The IRA: Is this because of new technology or a change in the audience? Or both?
MW: Both. The new content streaming deals being discussed widely are not making things easier - nor are they making up for the lost revenues from the huge falloffs in YOY numbers for home video sales, foreign box office and the essential lifeblood statistic of network television: "homes using television" -- the HUT numbers. In the last 12 months, the numbers of distinct users on Hulu.com (in the United States) have outpaced the metered Nielson ratings of all FOUR television networks combined.
The IRA: Whoa. How much of this is due to the economy vs. structural changes in the industry?
The HUT metric seems to answer the question, but are the economics of advertising the only factor? We see a lot of retail vendors pushing very hard via mail, email, etc to generate sales.
MW: I think there are three factors at work: first of all the economy is a HUGE mitigating presence behind everything that is going on in the media & entertainment space. Worldwide, consumers are broke and resigned about their short and long-term financial prospects. They are not waiting for government to step in and "do something." They are VERY, very careful with their money and budgets. Extra things like movies and paid media in many families have been eliminated entirely. Only companies like AAPL seem to have punched through the cynicism to create the "gotta' have this" atmosphere for their products that supersedes any one local economy or financial circumstance. Other companies make short-term blips with price. For example, the success of the full featured Android phone platform is largely due to price slashing by multiple competitors in the US.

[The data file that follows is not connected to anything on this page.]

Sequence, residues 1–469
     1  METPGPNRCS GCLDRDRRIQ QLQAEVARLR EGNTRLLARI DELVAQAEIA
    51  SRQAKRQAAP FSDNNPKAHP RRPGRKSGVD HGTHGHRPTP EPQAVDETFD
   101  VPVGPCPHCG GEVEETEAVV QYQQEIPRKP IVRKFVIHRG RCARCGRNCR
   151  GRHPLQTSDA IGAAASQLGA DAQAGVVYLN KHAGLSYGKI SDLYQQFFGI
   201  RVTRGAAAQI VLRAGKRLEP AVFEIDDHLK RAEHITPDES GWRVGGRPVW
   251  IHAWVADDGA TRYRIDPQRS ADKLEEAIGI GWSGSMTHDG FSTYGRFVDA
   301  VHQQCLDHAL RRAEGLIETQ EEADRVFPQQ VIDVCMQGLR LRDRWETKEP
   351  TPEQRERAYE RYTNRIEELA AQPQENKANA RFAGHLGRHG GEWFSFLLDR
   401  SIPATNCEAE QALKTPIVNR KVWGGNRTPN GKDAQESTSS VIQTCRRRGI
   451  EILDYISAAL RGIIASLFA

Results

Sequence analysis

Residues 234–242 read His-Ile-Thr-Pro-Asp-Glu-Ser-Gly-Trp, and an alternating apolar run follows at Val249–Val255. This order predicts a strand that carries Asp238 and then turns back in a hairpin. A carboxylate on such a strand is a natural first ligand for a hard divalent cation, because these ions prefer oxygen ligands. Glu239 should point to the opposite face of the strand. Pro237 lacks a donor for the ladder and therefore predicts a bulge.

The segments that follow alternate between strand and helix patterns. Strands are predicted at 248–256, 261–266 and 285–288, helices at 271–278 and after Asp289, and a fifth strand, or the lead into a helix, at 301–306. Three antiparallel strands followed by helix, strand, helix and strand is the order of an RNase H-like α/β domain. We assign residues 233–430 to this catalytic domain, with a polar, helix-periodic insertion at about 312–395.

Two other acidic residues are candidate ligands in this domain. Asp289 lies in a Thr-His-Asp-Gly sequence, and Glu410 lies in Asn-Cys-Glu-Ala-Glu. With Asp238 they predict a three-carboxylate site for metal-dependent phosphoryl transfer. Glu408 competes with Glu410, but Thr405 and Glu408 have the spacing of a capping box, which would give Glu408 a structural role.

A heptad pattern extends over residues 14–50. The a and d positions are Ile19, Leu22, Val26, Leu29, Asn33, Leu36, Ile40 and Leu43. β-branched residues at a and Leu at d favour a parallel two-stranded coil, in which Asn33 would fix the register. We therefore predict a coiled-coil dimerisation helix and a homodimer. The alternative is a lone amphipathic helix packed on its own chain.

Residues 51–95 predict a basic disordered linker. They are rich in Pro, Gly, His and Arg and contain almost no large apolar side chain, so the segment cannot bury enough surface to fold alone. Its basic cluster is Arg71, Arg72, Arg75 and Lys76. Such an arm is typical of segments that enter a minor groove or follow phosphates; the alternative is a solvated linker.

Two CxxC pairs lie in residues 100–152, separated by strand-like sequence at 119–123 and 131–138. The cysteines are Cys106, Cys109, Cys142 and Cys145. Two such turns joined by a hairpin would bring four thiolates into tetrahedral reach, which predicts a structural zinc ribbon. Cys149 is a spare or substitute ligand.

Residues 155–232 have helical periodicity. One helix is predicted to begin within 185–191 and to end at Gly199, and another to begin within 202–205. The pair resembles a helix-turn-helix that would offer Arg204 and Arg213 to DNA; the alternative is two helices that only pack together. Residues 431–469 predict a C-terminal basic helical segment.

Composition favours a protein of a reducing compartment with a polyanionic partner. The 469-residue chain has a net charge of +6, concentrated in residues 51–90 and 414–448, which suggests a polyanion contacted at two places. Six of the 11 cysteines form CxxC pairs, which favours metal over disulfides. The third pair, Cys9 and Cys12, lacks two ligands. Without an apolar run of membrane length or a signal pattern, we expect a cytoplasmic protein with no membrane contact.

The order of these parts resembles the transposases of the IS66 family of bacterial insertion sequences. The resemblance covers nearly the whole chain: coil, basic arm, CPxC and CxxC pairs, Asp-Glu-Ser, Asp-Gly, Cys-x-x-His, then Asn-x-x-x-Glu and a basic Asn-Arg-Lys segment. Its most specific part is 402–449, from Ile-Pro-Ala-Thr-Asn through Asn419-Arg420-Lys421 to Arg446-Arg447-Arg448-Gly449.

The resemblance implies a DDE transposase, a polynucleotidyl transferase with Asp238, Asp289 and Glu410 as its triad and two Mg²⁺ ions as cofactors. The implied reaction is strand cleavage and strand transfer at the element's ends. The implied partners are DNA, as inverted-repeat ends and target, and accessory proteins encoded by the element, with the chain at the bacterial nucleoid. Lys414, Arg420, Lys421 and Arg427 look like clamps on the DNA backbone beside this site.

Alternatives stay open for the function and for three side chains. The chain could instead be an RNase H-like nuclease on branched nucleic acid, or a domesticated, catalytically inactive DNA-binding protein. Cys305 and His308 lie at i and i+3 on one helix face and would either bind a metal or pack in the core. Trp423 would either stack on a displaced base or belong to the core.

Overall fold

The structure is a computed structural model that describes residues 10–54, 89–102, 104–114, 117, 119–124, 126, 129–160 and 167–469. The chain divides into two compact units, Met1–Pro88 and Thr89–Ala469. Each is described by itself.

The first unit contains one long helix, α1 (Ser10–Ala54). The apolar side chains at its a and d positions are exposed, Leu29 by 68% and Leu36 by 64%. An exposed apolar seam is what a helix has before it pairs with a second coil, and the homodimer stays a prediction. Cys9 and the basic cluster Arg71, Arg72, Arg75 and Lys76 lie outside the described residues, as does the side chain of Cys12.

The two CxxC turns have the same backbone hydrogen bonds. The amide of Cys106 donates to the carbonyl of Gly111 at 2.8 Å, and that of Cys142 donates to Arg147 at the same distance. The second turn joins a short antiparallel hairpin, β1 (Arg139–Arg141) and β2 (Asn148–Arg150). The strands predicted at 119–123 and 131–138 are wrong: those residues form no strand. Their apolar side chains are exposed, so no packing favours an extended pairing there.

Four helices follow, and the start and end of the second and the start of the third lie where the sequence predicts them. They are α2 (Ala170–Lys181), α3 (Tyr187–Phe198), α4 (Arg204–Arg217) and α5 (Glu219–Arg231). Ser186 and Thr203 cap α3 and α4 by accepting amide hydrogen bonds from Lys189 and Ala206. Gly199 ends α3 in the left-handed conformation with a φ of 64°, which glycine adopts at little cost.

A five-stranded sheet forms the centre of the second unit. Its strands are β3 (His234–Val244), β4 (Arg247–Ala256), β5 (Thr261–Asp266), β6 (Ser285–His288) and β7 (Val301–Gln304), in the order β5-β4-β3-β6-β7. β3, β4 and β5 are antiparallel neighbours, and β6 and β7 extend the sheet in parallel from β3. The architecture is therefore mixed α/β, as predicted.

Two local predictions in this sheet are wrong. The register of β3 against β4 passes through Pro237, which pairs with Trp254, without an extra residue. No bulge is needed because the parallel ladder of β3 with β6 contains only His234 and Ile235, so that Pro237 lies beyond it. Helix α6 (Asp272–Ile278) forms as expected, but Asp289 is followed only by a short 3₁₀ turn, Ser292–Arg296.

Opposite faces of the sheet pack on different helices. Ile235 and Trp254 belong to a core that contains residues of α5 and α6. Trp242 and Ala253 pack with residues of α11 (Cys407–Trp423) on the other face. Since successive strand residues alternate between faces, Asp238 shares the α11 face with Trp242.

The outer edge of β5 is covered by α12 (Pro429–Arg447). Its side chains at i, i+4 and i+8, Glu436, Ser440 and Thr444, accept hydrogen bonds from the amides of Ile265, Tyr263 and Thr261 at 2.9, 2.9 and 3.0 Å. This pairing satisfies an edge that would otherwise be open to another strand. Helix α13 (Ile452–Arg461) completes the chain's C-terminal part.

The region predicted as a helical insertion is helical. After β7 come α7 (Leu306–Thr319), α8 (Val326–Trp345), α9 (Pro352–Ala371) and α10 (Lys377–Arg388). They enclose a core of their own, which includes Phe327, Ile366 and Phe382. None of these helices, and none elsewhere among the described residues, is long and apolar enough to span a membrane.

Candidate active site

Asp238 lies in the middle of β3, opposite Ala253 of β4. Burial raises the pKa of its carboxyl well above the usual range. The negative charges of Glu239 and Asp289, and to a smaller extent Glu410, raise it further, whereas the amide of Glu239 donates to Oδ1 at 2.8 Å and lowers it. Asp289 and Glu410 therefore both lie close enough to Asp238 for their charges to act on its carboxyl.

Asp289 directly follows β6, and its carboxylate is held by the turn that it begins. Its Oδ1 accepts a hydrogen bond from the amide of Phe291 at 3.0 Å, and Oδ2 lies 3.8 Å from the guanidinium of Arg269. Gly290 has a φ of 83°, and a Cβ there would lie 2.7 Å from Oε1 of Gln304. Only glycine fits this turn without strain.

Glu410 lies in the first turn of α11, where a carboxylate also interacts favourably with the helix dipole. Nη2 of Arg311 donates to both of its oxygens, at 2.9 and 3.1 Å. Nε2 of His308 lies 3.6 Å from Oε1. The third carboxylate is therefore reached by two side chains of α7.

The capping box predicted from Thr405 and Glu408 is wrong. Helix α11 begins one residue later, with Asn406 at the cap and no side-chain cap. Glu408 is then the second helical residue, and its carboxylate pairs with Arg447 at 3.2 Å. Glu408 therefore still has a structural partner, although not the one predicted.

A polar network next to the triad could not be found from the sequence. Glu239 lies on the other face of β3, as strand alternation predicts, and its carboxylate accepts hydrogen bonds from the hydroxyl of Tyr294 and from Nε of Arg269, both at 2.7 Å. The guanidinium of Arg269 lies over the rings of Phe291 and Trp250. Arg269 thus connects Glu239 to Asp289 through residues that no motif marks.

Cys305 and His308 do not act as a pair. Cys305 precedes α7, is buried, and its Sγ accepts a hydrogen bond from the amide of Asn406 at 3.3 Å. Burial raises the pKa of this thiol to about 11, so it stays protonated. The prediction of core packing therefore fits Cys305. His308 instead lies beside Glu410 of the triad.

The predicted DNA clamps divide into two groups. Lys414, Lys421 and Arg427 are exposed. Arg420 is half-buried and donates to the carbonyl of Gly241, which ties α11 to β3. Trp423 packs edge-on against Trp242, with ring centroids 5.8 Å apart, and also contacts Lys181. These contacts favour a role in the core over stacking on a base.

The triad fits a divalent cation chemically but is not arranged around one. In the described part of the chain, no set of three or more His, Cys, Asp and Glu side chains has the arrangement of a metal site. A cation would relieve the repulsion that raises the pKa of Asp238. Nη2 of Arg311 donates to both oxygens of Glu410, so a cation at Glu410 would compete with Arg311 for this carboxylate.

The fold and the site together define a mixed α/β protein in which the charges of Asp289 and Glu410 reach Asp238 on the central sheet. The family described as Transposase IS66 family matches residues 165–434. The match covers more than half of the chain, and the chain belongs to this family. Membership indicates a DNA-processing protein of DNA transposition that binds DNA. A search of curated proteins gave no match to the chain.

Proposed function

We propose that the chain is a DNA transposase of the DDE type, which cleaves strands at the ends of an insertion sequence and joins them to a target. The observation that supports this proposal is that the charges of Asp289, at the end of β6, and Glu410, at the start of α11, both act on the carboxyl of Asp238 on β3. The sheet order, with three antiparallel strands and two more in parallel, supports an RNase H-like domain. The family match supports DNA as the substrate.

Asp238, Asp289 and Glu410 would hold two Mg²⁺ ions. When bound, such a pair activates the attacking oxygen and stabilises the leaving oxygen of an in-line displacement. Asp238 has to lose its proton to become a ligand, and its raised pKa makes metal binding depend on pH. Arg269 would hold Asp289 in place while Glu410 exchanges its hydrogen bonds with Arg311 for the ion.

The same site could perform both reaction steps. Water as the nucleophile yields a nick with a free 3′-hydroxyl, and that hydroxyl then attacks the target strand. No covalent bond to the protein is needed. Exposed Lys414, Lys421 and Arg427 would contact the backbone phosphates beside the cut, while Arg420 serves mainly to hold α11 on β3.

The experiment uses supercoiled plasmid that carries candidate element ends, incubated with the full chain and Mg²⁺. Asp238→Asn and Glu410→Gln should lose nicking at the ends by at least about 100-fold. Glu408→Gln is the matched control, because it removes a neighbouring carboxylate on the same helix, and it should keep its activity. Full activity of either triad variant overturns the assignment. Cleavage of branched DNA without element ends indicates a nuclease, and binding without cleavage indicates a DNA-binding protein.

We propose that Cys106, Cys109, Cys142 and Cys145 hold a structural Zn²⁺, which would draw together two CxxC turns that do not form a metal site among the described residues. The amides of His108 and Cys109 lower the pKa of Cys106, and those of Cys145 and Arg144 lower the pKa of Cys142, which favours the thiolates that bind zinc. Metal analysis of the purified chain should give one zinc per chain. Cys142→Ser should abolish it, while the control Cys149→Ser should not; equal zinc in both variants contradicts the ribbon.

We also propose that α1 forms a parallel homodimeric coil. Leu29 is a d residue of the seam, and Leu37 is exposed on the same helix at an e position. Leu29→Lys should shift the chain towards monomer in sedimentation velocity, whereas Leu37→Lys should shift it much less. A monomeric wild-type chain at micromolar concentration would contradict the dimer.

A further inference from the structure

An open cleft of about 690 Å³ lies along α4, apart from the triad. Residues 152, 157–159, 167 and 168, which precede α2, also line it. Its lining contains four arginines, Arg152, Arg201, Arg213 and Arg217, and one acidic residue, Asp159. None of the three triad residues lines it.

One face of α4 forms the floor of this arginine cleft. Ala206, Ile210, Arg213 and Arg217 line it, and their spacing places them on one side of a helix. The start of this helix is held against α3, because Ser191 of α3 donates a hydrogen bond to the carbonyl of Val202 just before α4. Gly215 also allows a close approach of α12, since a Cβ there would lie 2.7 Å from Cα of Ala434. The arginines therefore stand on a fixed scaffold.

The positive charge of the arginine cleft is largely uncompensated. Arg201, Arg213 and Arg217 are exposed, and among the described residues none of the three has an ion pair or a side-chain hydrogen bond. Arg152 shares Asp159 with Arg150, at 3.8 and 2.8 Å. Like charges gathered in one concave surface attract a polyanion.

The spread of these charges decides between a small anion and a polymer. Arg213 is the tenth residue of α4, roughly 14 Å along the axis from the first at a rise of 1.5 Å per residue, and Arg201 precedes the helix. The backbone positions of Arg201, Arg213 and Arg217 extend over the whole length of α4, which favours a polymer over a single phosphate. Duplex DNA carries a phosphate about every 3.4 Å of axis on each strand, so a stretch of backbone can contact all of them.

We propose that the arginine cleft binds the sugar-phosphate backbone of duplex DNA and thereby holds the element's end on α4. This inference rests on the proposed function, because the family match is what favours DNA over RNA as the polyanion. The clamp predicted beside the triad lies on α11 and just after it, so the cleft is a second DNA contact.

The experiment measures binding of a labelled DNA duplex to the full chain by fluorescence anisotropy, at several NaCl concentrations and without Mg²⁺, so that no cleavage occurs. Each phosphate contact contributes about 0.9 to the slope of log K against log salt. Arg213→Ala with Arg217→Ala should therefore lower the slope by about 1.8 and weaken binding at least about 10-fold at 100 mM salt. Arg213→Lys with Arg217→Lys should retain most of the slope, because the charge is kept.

The IRA: Does this explain the decision by Google ("GOOG") to acquire the Motorola handset business? Nobody else wanted it?
MW: I think GOOG saw the purchase of Motorola ("MOT") as buying a pile of copyrights at a fire sale price. Do they actually want to compete toe to toe with AAPL, Android and the rest? I am not sure. Feedback on Google's mobile device software platforms have been mixed at best. AAPL's iOS and the Android OS are wiping the floor with the rest. With Motorola, they are getting manufacturing and a supply chain - but they are also buying 20 years of retail baggage with the public. Does Google want to play the "wait out the market" game using the Motorola name? We'll have to wait and see. However, if you're not deep into the mobile device market as someone in the media space - you are kind of out of the game at this point. So, said another way - - this is Google staying in the game. I wouldn't be surprised if more purchases will come soon. Yahoo ("YHOO")?
Click here to read the rest of the interview with Michael Whalen...